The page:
AUSTIN – The Texas Public Policy Foundation (TPPF)’s Center for the American Future representing Williamson County resident John Yearwood and Williamson County, Texas today filed suit to intervene into the pending lawsuit seeking delisting of the Bone-Cave Harvestman from the Endangered Species Act. Mr. Yearwood and Williamson County, Texas challenge the authority of the federal government to use the Interstate Commerce Clause to regulate non-commercial interactions with the Bone Cave Harvestman arachnid, which only exists in two central Texas counties, is not bought nor traded in interstate commerce, and does not otherwise affect interstate commerce.

“This lawsuit centers around respect for the rule of law and recognition that the Constitution establishes our federal government as having limited, enumerated powers,” said Robert Henneke, director of the Center for the American Future at the Texas Public Policy Foundation. “Congress has the power to regulate commerce among the states, i.e. Interstate commerce. Congress’ Commerce power through the Endangered Species Act should not, therefore, extend to regulate the Bone-Cave Harvestman species – an intrastate cave-arachnid existing only in caves in Central Texas without any commercial value. For there to be rule of law, there must be limits to government power.”

"This land has been in my family for over one-hundred years,” said John Yearwood, Intervenor-Plantiff in the lawsuit. “It is land that my children and grandchildren will enjoy. I would like to share my property with the local 4-H club, so that children can enjoy the outdoors, camping, and marksmanship. This should not violate any federal rules nor subject me to the risk of criminal penalties. Camping isn’t commerce.”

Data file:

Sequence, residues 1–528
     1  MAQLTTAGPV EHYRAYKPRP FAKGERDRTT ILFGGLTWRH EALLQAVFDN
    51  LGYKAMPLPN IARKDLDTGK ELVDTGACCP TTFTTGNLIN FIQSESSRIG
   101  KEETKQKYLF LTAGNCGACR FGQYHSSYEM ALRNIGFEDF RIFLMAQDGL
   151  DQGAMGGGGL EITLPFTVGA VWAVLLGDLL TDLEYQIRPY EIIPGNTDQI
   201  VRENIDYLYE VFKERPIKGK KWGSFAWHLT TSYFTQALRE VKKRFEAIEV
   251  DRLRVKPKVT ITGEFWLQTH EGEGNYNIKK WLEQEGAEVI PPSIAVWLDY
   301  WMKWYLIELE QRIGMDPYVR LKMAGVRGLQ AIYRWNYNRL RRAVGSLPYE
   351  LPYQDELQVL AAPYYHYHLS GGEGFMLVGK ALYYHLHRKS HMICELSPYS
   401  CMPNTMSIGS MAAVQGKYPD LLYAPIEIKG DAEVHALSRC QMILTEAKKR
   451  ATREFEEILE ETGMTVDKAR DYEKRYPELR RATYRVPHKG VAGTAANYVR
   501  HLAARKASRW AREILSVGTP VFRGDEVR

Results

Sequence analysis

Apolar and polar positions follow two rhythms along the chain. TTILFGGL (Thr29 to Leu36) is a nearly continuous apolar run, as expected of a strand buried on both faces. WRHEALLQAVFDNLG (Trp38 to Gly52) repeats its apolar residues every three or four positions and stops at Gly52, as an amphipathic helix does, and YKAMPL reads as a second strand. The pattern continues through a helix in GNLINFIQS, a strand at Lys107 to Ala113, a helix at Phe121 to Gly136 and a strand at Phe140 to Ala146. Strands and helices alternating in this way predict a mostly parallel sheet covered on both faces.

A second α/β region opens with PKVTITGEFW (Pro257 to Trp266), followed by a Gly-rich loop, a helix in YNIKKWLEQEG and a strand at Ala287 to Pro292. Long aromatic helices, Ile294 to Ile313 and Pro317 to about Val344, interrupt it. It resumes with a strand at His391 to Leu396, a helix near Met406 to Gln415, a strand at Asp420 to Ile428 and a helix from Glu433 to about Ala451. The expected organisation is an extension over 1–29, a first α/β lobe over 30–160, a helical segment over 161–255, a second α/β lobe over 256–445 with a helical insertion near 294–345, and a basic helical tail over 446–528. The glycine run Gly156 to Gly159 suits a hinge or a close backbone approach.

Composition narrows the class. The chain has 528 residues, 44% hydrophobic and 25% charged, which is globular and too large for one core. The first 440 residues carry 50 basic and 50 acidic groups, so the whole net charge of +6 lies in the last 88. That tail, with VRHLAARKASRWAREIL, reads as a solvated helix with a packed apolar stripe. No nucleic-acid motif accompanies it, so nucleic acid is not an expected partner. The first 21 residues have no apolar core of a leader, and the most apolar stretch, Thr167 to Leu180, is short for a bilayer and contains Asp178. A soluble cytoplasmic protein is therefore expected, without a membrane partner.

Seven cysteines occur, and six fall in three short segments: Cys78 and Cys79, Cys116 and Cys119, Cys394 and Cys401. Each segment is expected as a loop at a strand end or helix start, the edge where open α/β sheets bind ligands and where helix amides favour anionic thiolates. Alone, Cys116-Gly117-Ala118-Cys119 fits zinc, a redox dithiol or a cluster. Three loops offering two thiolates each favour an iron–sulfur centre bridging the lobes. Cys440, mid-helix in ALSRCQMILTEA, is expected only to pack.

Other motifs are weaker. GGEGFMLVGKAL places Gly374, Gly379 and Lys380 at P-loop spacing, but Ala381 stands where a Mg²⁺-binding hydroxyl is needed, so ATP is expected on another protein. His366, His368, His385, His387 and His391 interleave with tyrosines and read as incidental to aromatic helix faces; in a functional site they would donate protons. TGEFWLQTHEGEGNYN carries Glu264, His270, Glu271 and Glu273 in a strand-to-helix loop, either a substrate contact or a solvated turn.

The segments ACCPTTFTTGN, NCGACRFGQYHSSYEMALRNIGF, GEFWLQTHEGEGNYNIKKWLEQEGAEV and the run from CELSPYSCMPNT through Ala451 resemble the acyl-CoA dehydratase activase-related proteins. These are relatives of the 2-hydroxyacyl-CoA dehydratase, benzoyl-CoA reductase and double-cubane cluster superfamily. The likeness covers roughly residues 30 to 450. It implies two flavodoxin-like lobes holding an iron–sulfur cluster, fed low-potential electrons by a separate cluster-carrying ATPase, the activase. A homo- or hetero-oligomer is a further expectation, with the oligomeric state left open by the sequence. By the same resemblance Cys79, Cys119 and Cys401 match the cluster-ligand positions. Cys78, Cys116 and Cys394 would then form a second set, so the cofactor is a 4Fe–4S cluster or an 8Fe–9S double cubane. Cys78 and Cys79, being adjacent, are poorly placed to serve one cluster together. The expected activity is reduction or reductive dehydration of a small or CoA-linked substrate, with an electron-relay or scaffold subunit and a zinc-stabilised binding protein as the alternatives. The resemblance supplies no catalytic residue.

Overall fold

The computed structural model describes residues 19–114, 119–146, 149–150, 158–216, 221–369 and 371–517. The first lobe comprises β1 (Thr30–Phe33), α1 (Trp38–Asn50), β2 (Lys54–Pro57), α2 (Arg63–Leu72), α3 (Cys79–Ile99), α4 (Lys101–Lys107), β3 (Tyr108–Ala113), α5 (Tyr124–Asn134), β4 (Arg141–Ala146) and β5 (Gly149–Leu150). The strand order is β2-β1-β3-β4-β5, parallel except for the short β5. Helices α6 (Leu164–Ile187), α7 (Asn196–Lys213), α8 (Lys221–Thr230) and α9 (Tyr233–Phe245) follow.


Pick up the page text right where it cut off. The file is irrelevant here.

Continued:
“As an elected County Commissioner, I have an obligation to provide efficient services to our taxpayers,” said Williamson County Commissioner Valerie Covey. “The Endangered Species Act regulation of the Bone-Cave Harvestman adds an extra layer of cost and red-tape at the expense of the taxpayer. At the end of the day, this arachnid only lives in Texas. Under the Constitution, it is the state and county, not the federal government, which is best suited to address conservation at the local level."
"Every dollar that we spend taking care of this arachnid is money that could be spent on services for the citizens of Williamson County,” said Williamson County Commissioner Cynthia Long. “We have an obligation to be good stewards of taxpayer resources. Williamson County taxpayers should not have to pay the cost of complying with federal regulation of a species that exists only locally."
To download a copy of the Complaint, visit:
To schedule an interview with Mr. Henneke, please contact Caroline Espinosa at [email protected] or 512-472-2700. 

The Honorable Robert Henneke is the Director of the Foundation’s Center for the American Future. Henneke is a member of the State Bar of Texas and is admitted to practice before the United States Court of Appeals for the Fifth Circuit as well as all Texas Federal District Courts. He is also a proud Eagle Scout.

The Texas Public Policy Foundation is a non-profit, free-market research institute based in Austin, Texas.

Find us on Facebook
Follow us on Twitter